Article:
5 Things I Used To Eat – and Enjoy – But Can’t Stand Now
- Hot Pockets. Not that long ago, Hot Pockets were – I hate to admit – a staple of my diet. In fact, I was recently reading over my old blog, and was amazed by how often I mentioned eating a Hot Pocket for lunch. What was I thinking?! Not only do they taste like cardboard, but they are dangerous: I once burned a finger (yes, a finger) on a Hot Pocket. It had slipped from my grasp while I was removing it from the microwave, but I caught it before it hit the floor, only to have my index finger tear a hole through the dough. Hot, scalding pain ensued. And, I’m not kidding, it takes a rocket scientist to assemble the carton you are supposed to cook them in. Bend here, fold there, tuck flap A into slot C, yadda yadda. I rarely got it right. I guess I ate them because they were convenient, but then one day I glanced at the list of ingredients – which is about a mile long and chalk full of chemicals, preservatives, and things I can’t even pronounce – and haven’t had a bite since.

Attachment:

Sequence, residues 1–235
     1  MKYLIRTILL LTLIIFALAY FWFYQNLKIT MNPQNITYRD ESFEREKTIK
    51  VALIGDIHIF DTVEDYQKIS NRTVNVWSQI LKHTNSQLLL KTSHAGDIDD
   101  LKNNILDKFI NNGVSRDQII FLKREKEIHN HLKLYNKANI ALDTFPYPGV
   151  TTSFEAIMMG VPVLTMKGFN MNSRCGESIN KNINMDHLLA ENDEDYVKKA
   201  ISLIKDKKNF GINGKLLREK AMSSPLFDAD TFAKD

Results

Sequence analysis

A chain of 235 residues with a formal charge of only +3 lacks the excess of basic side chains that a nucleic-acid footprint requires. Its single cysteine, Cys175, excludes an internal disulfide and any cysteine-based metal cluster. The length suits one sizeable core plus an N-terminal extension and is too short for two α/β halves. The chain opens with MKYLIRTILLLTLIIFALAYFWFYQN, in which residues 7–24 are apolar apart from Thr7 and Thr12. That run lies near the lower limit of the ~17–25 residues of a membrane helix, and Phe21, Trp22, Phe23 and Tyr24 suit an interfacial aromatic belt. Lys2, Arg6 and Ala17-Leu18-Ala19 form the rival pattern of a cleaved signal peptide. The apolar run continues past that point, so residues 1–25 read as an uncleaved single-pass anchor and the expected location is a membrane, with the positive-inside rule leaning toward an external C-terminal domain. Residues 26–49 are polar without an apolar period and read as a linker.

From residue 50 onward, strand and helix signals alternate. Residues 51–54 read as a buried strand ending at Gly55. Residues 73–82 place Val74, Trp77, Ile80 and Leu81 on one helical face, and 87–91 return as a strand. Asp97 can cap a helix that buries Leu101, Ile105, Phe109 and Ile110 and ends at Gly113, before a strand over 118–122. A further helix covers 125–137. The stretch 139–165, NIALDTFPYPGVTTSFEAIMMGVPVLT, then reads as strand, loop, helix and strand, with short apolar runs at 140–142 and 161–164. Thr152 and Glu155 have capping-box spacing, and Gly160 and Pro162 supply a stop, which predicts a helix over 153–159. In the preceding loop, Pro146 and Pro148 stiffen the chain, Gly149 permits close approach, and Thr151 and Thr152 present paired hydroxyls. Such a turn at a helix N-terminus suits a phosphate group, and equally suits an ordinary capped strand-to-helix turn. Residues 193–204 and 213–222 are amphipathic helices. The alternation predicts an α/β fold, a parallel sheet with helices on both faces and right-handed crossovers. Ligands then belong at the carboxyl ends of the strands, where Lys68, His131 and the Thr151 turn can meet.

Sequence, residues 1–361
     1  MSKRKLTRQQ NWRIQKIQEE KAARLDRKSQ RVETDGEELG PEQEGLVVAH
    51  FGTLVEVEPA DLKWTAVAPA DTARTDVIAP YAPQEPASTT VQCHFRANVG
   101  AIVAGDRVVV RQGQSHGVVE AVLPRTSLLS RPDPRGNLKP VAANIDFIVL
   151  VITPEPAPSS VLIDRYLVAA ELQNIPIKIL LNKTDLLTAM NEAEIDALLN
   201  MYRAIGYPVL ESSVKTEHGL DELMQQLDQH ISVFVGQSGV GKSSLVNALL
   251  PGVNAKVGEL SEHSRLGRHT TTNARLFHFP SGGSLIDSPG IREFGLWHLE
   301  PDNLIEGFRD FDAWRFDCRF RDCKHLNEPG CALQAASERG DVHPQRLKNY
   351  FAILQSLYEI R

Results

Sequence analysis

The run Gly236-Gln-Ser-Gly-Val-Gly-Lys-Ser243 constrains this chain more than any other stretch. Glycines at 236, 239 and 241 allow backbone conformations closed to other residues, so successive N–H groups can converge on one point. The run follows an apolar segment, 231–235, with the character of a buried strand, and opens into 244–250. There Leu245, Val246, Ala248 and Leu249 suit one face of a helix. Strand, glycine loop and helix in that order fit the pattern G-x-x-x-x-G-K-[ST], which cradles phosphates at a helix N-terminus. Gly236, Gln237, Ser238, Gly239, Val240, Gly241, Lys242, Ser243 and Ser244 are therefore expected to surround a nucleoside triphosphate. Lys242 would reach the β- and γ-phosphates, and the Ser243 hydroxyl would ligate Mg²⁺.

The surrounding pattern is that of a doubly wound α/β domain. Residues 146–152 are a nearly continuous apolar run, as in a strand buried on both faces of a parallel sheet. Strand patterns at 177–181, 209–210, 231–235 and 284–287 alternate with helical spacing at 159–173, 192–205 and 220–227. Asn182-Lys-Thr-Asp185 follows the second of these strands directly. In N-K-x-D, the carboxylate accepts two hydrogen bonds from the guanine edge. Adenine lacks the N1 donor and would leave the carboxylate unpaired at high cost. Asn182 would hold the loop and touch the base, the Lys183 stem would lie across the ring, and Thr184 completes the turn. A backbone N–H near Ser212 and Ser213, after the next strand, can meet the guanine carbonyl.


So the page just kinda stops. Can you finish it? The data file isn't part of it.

- Bagel-fuls. A few years ago, Kraft came out with Bagel-fuls, a frozen bagel that was stuffed with cream cheese and an assortment of fruit fillings and folded together. Great concept, I thought, even if they weren’t round and didn’t contain a hole. Like, umm, every other bagel in the world. That should have tipped me off in the first place! The problem with Bagel-fuls is, they can go from frozen solid to scorching hot in the space of a single second. I’m not exaggerating. The instructions say to microwave them for twenty seconds, but in my experience that was always too long, so I’d put them in for ten. Only that was never long enough. So I’d go back and forth, adding a second or two at a time, and still end up burning the roof of my mouth every freakin’ time. Plus, they didn’t taste at all like a bagel, but rather, microwaved dough. Which is exactly what they are. Once again, I chalk my fondness for them up to convenience.